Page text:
Drop the Kleenex and Put Your Hands Up

February 9, 2017
Unbeknownst to most, the federal government is planning to expand greatly the power of the US Centers for Disease Control and Prevention (CDC) to detain people who are suspected of carrying a dangerous communicable illness. Also known as quarantine – the detention, isolation and even forcible treatment of those potentially exposed to a infectious disease like tuberculosis or Ebola is one of the most powerful and one of the most contentious tools in the public health arsenal. Will giving the CDC greater authority and power to detain people on public health grounds actually prevent new outbreaks of infectious disease in the US? Or will this only serve to further chip away at our already eroded civil liberties and rights?
Read More

Human Breast Milk Sharing—Limited Regulation with Social Justice Implications

February 1, 2017
Knowing the great benefits of human breast milk, many parents who are unable to produce enough themselves have good reason to seek out private breast milk donors. There are, however, risks associated with private human breast milk sharing. Furthermore, for those families looking to receive a donation the competition is fierce. If families cannot find a donor on the unregulated market, they could turn to a milk bank. Sounds like a great option except, milk banks charge receiving families as much as $15 per 6 ounces of pasteurized breast milk. Families of limited means and resources, then, face a series of obstacles. So how can every child be provided the benefits of breast milk even if their family lacks the ability to pay the associated costs?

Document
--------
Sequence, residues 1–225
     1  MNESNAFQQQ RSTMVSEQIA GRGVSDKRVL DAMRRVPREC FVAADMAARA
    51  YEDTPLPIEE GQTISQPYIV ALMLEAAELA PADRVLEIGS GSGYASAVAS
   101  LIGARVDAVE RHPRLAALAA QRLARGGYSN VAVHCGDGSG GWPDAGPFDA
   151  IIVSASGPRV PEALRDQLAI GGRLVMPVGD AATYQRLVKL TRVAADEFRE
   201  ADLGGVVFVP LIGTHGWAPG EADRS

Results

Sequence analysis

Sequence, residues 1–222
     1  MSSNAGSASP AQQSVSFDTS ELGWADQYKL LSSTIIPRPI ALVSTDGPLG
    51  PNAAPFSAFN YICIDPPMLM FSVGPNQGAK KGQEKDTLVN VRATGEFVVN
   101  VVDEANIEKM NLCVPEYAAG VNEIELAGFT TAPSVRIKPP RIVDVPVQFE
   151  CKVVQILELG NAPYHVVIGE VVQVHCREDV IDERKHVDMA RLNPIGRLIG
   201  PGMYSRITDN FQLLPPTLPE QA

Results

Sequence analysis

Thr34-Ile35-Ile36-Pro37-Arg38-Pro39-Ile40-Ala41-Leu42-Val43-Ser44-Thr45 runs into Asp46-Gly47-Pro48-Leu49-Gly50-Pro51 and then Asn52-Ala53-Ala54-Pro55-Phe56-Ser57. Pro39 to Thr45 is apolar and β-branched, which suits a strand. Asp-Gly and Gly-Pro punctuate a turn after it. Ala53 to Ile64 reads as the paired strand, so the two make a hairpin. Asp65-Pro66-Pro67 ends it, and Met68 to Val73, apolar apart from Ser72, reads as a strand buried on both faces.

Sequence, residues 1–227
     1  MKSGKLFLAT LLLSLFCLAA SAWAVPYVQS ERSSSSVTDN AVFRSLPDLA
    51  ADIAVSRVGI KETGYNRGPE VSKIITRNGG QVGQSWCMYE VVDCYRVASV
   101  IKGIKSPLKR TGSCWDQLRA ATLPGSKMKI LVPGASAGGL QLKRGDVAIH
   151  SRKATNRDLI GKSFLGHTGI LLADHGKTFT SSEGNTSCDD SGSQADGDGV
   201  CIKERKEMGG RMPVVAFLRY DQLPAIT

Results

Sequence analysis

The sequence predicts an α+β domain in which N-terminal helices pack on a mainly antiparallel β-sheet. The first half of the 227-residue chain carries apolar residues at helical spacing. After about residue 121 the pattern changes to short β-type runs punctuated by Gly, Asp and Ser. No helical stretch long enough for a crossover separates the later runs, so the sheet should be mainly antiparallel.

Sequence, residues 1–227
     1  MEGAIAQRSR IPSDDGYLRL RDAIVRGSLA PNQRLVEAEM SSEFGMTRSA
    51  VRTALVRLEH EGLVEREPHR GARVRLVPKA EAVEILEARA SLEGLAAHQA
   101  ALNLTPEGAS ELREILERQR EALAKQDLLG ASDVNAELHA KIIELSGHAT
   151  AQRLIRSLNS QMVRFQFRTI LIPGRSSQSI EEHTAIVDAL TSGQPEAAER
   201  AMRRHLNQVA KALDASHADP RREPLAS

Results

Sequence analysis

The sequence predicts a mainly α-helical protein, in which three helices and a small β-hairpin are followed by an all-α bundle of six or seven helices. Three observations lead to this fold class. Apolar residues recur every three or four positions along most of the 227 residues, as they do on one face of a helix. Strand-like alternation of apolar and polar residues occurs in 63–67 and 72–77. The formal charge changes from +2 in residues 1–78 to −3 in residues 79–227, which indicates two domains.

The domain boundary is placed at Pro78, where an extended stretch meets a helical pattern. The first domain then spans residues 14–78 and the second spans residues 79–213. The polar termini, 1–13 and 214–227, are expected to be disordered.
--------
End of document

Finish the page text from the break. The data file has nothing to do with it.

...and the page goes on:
Read More

The significance of 37

January 30, 2017
Mitochondrial gene transfer (MGT) is a new technique that might help us eradicate mitochondrial diseases by combining the healthy mitochondrial from one woman with the nuclear genes from another woman, resulting in baby having genes from two mothers. Despite the obvious advantage of avoiding serious hereditary conditions from abnormal mitochondrial genes, there are reasons to be concerned and cautious.
Read More


Follow Us By Email:

Stay Connected

© Clarkson, Bioethics Program